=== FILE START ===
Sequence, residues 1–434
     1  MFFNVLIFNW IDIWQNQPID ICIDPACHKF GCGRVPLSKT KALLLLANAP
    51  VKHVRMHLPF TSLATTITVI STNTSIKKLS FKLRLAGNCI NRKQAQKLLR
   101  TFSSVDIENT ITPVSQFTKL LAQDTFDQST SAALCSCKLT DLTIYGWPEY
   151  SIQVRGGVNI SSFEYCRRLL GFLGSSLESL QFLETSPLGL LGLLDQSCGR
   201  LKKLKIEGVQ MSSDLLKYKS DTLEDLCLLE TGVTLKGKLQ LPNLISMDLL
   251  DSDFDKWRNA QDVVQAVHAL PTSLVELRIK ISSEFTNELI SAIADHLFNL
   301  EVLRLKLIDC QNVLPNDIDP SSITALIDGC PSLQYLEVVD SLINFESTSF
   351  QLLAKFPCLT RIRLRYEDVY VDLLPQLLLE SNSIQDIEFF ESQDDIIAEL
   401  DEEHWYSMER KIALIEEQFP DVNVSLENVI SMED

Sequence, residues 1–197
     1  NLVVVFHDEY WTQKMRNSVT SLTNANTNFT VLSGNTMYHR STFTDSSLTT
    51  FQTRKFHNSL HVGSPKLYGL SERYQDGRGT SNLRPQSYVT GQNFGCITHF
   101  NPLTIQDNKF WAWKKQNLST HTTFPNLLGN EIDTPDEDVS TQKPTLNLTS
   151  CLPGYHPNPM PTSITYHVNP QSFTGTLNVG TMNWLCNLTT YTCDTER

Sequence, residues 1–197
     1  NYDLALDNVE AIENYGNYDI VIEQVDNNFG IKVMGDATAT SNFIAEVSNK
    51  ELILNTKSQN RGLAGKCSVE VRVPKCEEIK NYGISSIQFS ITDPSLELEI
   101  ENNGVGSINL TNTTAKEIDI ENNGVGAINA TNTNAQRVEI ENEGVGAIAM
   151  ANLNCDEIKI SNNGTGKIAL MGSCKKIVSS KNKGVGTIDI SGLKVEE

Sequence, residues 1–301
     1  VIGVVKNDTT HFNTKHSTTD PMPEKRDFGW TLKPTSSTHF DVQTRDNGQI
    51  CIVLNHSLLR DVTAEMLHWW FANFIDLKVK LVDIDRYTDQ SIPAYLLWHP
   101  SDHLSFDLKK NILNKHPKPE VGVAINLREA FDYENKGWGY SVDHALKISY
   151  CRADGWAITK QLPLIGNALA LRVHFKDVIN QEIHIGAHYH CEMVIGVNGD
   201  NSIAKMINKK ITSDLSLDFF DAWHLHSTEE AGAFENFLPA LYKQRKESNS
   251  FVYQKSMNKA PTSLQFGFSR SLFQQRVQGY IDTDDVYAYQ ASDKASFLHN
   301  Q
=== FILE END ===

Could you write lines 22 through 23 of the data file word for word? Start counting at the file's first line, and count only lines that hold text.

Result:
     1  VIGVVKNDTT HFNTKHSTTD PMPEKRDFGW TLKPTSSTHF DVQTRDNGQI
    51  CIVLNHSLLR DVTAEMLHWW FANFIDLKVK LVDIDRYTDQ SIPAYLLWHP